Origin of at1
Origin of where
Related Words for where it's atcase, status, accident, occurrence, fate, thing, time, detail, crisis, matter, incident, factor, action, coincidence, cause, event, fact, position, situation, plight
the chemical symbol for
Word Origin for at
noun plural at
Word Origin for at
the internet domain name for
- in, at, or to what place, point, or position?where are you going?
- (used in indirect questions)I don't know where they are
Word Origin for where
Old English æt, from Proto-Germanic *at (cf. Old Norse, Gothic at, Old Frisian et, Old High German az), from PIE *ad- "to, near, at" (cf. Latin ad "to, toward" Sanskrit adhi "near;" see ad-).
Lost in German and Dutch, which use their equivalent of to; in Scandinavian, however, to has been lost and at fills its place. In choosing between at church, in church, etc. at is properly distinguished from in or on by involving some practical connection; a worshipper is at church; a tourist is in the church.
The colloquial use of at after where ("where it's at") is attested from 1859. At last is recorded from late 13c.; adverbial phrase at least was in use by 1775. At in Middle English was used freely with prepositions (e.g. at after, which is in Shakespeare), but this has faded with the exception of at about, which was used in modern times by Trollope, Virginia Woolfe, D.H. Lawrence, and Evelyn Waugh, but nonetheless is regarded as a sign of incompetent writing by my copy editor bosses.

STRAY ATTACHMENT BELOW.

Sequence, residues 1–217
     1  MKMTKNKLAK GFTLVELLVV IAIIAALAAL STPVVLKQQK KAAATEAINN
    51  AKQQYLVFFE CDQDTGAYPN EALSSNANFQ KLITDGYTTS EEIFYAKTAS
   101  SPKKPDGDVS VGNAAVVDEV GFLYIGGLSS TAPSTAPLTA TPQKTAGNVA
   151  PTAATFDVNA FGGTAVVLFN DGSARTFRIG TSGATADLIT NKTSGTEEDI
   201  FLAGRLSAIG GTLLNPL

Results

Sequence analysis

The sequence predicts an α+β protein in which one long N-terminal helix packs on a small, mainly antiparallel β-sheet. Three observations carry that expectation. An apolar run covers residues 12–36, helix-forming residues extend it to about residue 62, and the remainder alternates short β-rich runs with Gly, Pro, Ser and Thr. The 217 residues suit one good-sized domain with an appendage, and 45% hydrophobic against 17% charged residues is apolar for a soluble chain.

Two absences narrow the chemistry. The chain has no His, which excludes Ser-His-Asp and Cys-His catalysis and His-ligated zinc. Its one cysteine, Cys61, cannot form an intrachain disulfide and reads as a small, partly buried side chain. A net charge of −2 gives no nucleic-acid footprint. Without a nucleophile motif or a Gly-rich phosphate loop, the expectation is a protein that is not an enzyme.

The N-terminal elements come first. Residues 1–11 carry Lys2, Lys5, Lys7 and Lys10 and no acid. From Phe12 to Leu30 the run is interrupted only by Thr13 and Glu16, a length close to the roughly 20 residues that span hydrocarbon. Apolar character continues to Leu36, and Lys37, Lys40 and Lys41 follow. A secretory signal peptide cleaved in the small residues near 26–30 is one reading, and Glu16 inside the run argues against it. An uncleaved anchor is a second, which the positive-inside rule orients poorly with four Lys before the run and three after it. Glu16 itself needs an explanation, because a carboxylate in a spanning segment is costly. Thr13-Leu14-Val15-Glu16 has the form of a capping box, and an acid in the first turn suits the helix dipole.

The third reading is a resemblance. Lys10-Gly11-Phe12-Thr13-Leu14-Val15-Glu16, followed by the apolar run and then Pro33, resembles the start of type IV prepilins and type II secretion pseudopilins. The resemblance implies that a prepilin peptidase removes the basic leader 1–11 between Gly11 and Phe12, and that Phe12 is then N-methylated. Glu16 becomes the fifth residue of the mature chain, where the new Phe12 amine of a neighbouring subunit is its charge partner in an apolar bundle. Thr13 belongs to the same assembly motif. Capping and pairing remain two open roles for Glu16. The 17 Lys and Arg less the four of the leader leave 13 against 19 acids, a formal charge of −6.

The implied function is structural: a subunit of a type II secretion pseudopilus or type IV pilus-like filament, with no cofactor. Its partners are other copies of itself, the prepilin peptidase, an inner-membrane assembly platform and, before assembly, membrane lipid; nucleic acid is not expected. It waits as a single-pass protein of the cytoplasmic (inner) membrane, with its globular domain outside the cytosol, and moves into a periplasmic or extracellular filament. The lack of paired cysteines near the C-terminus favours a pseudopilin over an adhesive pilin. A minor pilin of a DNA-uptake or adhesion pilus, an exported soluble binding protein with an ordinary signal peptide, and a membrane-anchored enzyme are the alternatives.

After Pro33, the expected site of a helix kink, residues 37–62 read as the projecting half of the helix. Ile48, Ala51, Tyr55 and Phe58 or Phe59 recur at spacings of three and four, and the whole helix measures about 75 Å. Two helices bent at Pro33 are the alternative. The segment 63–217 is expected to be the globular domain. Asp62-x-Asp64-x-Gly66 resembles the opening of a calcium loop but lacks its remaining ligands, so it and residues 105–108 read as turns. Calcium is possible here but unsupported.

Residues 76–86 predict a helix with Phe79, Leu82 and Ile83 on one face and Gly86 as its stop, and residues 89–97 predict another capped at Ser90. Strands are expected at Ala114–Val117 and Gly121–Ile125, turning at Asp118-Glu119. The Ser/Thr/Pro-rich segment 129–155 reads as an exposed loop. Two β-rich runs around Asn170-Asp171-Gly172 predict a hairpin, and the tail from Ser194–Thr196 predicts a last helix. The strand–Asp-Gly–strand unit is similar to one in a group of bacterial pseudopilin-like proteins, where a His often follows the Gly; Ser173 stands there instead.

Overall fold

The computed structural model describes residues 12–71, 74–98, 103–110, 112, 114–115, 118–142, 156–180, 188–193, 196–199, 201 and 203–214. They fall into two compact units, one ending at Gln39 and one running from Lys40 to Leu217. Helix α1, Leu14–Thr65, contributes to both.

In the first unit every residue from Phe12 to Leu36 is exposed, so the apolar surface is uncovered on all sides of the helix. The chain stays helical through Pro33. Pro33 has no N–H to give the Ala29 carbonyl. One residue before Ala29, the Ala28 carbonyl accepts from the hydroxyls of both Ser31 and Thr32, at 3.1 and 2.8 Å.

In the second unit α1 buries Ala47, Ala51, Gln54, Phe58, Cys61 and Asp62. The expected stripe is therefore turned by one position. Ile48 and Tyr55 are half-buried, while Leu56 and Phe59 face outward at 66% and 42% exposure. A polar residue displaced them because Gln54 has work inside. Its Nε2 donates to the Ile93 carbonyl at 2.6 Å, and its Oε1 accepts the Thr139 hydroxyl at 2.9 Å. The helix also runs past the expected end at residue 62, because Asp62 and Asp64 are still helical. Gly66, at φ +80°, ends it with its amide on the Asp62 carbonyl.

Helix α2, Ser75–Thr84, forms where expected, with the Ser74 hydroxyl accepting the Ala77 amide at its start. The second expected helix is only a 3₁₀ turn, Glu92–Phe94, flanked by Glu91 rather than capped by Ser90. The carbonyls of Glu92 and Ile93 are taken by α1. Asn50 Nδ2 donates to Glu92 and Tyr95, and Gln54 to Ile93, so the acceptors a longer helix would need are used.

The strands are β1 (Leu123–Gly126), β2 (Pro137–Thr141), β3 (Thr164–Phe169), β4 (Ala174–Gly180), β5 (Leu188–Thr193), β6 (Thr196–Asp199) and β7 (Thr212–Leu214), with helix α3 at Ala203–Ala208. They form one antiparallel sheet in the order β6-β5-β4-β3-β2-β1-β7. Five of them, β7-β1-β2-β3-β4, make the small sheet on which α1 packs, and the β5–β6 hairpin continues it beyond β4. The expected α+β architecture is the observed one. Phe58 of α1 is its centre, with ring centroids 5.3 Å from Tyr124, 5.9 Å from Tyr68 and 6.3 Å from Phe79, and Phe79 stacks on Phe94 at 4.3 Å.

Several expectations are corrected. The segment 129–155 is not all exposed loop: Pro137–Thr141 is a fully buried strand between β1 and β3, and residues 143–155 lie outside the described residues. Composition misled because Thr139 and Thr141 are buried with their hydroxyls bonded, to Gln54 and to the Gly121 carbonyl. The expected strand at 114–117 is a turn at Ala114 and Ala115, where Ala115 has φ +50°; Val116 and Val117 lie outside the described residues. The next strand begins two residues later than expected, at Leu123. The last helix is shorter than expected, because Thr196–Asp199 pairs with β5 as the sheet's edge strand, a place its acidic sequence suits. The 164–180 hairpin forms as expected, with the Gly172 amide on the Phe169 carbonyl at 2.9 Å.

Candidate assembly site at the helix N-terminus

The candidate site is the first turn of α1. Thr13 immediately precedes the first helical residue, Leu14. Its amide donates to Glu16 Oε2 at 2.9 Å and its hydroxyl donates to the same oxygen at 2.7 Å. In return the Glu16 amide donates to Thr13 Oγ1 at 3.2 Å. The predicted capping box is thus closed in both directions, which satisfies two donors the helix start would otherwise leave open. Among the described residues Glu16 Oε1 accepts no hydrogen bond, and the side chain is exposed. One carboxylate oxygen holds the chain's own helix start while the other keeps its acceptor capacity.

Old English hwær, hwar, from Proto-Germanic *khwar (cf. Old Saxon hwar, Old Norse hvar, Old Frisian hwer, Middle Dutch waer, Old High German hwar, German wo, Gothic hvar "where"), from PIE interrogative base *qwo- (see who).
where it's at
Also, where the action is. The key center of activity; where important things are happening. For example, He decided to set up his store here, convinced that this is where it's at, or I'm going into the brokerage business; that's where the action is these days. The action or activity in this phrase can relate to just about anything—financial, political, social, or commercial. [Slang; c. 1960]
In addition to the idioms beginning with where
- where do we go from here
- where it's at
- where one is coming from
- where one lives
- where there's a will, there's a way
- where there's smoke
- close to home (hit where one lives)
- fools rush in where angels fear to tread
- give credit (where credit is due)
- know where one stands
- let the chips fall where they may
- not know where to turn
- put one's money where one's mouth is
- take up where one left off
- tell someone where to get off
- this is where I came in